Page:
#Karma: Nothing More Than An Excuse Not To Forgive


The dictionary defines karma as:

  • : the force created by a person’s actions that is believed in Hinduism and Buddhism to determine what that person’s next life will be like

  • : the force created by a person’s actions that some people believe causes good or bad things to happen to that person

It seems to me like every five minutes, someone is mentioning “karma” in some way. As the dictionary states, along with people actually knowledgeable of history, it has Hinduism and Buddhism roots. In short, it was a belief back then and it’s a belief now.

However, let me tell you why I think it’s silly when people don’t get their way and they’re quick to say, “KARMA!”

For one thing, I’m pretty certain that those who are quick to wish for “karma” to get revenge on someone doesn’t study and has never studied Hinduism or Buddhism in the least. On top of that, many say it simply because someone else has. The classic case of following a “trend.”

Two, most only wish for “karma” to get revenge when they get their feelings hurt in some way. When someone does them harm, that’s what they’re quick to resort to.

Now don’t get me wrong; I understand when people are bothered by others doing them wrong.

But this “karma” that people wish for is…what, exactly? A “force” of some kind. How does it work? Someone does something you don’t like and “karma” is put into motion? Is that how it works? So “karma” works individually for people as they see fit? So why do you need to “wish” for it to happen and then “wait” for it?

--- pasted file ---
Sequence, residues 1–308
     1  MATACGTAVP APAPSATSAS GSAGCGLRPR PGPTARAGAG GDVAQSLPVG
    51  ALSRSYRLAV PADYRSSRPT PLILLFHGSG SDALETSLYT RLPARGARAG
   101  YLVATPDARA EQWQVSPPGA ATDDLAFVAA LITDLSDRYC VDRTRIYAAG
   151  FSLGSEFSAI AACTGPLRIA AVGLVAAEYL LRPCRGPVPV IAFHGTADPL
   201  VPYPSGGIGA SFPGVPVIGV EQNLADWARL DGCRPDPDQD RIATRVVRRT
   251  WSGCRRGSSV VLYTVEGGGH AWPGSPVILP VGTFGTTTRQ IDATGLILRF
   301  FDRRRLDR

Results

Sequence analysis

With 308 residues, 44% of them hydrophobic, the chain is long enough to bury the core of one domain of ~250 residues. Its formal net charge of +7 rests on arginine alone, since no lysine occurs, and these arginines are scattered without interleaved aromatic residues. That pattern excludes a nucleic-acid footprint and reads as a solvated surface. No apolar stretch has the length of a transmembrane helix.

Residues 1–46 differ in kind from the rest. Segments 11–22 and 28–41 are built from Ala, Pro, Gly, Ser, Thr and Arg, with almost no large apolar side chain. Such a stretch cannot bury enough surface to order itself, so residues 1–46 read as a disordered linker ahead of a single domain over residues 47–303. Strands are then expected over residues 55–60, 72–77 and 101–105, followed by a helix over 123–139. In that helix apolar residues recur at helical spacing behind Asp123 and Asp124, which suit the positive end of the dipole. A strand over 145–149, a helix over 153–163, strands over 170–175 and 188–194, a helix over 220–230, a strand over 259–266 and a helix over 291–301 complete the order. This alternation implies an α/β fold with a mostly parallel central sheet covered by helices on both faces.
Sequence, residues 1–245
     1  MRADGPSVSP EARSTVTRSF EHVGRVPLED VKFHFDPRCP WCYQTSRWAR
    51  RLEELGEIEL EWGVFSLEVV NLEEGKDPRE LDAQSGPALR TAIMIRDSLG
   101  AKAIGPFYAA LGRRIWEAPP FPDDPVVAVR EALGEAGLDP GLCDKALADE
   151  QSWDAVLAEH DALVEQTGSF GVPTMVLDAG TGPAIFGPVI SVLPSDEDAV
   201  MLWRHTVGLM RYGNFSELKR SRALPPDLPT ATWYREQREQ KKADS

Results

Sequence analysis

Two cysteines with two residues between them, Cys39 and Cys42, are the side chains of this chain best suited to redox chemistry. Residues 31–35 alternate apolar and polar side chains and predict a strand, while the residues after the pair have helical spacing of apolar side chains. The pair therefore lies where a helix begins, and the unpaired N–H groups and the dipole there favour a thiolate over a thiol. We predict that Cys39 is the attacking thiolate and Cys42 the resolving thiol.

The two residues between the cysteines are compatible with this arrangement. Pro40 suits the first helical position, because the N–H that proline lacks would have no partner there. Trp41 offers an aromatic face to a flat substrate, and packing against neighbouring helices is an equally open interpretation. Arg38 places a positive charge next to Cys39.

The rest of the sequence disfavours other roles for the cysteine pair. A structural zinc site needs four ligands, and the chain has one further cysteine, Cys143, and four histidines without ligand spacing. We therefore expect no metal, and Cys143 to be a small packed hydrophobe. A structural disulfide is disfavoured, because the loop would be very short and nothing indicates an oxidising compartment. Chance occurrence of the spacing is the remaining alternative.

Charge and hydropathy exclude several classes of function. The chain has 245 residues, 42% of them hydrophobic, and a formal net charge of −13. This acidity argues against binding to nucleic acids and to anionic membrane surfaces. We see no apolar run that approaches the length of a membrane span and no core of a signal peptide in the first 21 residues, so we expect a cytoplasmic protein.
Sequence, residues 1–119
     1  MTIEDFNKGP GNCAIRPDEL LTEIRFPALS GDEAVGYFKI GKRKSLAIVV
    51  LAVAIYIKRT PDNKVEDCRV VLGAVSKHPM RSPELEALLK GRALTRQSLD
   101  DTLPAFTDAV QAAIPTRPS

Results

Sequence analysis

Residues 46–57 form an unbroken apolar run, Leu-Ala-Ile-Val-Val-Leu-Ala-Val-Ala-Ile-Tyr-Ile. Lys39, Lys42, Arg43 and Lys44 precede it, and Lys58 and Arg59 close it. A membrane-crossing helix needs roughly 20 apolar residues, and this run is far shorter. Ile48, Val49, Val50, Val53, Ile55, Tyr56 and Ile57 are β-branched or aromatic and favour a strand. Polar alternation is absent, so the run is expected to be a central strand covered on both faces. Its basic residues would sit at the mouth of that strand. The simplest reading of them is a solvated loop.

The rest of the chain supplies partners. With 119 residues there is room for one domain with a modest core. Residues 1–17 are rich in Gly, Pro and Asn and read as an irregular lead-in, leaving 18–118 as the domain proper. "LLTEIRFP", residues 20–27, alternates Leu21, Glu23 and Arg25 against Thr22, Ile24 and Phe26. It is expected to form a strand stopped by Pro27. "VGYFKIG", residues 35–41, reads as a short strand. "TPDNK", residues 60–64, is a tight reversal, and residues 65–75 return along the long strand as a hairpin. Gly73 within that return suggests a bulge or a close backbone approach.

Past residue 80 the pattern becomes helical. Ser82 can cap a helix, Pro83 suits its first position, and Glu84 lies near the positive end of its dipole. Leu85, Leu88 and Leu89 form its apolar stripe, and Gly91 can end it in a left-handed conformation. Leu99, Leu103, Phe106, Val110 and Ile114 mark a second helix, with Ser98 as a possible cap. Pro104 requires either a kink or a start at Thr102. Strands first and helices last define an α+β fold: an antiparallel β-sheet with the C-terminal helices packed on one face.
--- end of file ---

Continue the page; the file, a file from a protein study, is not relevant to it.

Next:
One of the biggest problems I see with people who believe in “karma” is that they take something that is a clear and direct effect of something and they call that “karma.” In other words, let’s say there is a person who sleeps around. Eventually, they catch a disease. Many folks would say that is “karma,” but no…it’s not. ANYONE who sleeps around has the risk of catching something. Hell, there are people out there who have slept with someone ONCE and it’s happened. And no…they weren’t cheating on someone at the time, nor had they done someone wrong.

If I repeatedly bang my head against the wall, it’s not “karma” because my head starts bleeding. That’s a direct result of my dumb ass not getting the hint to stop banging my head against the damn wall.

If a person cuts you off in traffic or speeds past you, it’s not “karma” that they get pulled over by the cops later on. Last I checked, it’s against the law to speed. I’m pretty sure that can and has happened to anyone.

A woman even once told me that she slept with married men when she was younger. After getting married, she was cheated on. She believed that “karma” was the reason it happened. It’s not. There are a bunch of reasons that her husband could have cheated and it may have nothing to do with what she did. How many women out there have been cheated on when the woman hasn’t done any cheating herself? It has nothing to do with “karma.”

I could give many more examples, but the bottom line is just as the title states: “Karma” is nothing more than an excuse for people not to forgive.

The same with moving on. In this day and age, it seems everyone is up in arms about people being “sensitive” and “offended” by this and that. Yet, I’ve noticed that many of the same ones crying about that are also the ones who are quick to also resort to hoping for “karma” to get revenge on someone. In other words, these people who supposedly get offended easily are so temporarily. You, on the other hand, or so much more offended that you’re hoping for something to get someone back at some unknown point in the future.